Kevin Hartz is CEO and co-founder of Eventbrite. Since the company started in 2006, it has handled around £1.8 billion ticket sales for events worldwide.
Where did you study in the UK?
I came to University College, Oxford in 1991 for a Masters degree in British history and graduated in 1992. British History was my passion at Stanford University where I did my Bachelor’s degree, and where better to study it than Britain’s oldest university? My dissertation was on King George III, the monarch on the throne when Britain lost its American colonies.
Why did you choose the UK as your place of study?
As I said, it was partly the subject. However, I was also attracted to the depth of study and the tutorial system with its individualised learning. America has some wonderful universities but they tend to concentrate on providing a breadth of education. At that stage, I was looking for depth.
What are your memories of studying and living in the UK?
The calibre of talent, intellect and the wonderful personalities of the students and professors.
Would you say that anyone you met while studying in the UK helped inspire your career?
My tutor, Dr Leslie Mitchell. He’s the leading British authority on 18th century history and he was an inspirational tutor. He was a great mentor to have, not just because of his immense knowledge and experience, but also because of his focus on academic rigour and discipline.
What path did your career take after graduating from Oxford?
Well, the obvious question is how a historian ended up in technology. If you think about it, history and technology both depend on the intellectual challenge of questioning the status quo and uncovering new things. The internet revolution was taking off when I returned to the US and I joined Silicon Graphics as a product manager.
Do you feel that your experience of studying in the UK was influential in the longer term for your career or personally?
Studying in the UK gave me a more global orientation, which is critical to technology businesses like ours that operate on a worldwide scale. I would also say that the UK’s reputation for academic rigour, and Oxford’s in particular, opened many doors. Thirdly, history at Oxford is around pattern recognition; the old saying that history repeats itself is true in business. This observation has helped me navigate the cyclical nature of the technology industry.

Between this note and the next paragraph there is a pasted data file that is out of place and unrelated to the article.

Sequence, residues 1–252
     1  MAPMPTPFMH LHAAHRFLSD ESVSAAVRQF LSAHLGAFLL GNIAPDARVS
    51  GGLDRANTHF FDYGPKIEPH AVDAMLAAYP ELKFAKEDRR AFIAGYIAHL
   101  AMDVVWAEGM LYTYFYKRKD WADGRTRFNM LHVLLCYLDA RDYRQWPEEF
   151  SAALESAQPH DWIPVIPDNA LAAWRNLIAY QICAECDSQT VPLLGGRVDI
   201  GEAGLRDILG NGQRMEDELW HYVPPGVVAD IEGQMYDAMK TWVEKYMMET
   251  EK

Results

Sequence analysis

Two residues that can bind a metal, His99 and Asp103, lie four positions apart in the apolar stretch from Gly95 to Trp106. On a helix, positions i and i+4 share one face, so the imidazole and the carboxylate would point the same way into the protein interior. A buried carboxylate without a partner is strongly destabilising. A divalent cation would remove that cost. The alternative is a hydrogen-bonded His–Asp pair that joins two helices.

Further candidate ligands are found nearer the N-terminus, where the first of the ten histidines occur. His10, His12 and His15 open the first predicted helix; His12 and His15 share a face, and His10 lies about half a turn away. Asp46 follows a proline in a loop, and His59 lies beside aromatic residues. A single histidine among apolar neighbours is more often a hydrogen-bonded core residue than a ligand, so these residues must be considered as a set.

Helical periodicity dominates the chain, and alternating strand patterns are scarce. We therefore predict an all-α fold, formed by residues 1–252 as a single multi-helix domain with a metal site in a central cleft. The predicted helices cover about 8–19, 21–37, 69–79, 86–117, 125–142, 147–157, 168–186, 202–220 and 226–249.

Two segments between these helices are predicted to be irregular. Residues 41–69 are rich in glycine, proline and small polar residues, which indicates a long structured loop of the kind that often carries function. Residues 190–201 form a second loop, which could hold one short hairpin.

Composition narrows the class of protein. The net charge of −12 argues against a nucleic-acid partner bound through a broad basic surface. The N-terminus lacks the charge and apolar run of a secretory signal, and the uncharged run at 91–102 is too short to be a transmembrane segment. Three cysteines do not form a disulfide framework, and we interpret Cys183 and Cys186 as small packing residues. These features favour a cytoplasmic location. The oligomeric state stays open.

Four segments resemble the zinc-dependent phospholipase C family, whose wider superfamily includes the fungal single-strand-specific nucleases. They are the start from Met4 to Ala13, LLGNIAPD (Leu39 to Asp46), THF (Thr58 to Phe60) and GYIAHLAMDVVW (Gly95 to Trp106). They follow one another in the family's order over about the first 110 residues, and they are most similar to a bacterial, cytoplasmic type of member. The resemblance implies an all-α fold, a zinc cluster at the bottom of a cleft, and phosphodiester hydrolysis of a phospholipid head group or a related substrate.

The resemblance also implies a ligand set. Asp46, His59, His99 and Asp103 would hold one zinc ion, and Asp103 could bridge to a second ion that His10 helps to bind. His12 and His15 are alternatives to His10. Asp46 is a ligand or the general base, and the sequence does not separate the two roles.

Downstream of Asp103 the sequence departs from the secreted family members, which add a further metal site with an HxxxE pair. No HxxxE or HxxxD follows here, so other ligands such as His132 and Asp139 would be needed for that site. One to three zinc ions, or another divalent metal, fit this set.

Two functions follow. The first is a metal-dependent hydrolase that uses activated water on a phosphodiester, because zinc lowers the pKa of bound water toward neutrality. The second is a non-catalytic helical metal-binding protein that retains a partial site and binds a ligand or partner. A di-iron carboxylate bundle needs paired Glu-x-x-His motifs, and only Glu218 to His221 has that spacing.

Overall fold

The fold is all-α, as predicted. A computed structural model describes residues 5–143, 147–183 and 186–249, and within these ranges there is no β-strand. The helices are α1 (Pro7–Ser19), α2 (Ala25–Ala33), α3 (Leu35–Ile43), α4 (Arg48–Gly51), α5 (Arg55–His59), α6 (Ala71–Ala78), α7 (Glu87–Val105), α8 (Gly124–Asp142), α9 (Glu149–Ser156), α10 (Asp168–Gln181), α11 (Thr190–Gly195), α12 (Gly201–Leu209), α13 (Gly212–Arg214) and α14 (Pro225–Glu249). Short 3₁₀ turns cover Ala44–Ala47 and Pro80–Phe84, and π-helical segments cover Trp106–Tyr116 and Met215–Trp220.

Do you feel that your home country has benefitted from the knowledge and experience you gained from studying in the UK?
The world is a much smaller place today through technology and a global perspective was essential as we were building up Eventbrite. Graduate school in the UK gave me the opportunity to understand the British and European perspective and, because of the international student body, I also had the chance to interact with people from countries around the world I had never visited.
Do you think countries benefit from student mobility?
Yes. The United States is a very large country and I think studying and living abroad in a place like the UK helps the American student to gain a broader perspective of the world beyond the Americas. Of course, it helps that the main language spoken is English so you feel at home fast. At the same time, the UK’s proximity to mainland Europe means that students find it easy to experience various countries, languages and cultures just by crossing the Channel. That’s something that is significantly harder to do when you study only in the US.
Have you maintained personal or work related contacts from your time studying in the UK?
Yes, my tie to my college remains strong. I attend the Oxford/Cambridge boat race dinner each year in San Francisco. The event was actually one of Eventbrite’s first clients!
Have you returned to the UK since graduation?
Yes, many times. We have an office in London and I visit at least once a year.
Do you have a favourite memento or souvenir from your time studying in the UK?
My fresher photo from University College. And my love of doner kebabs!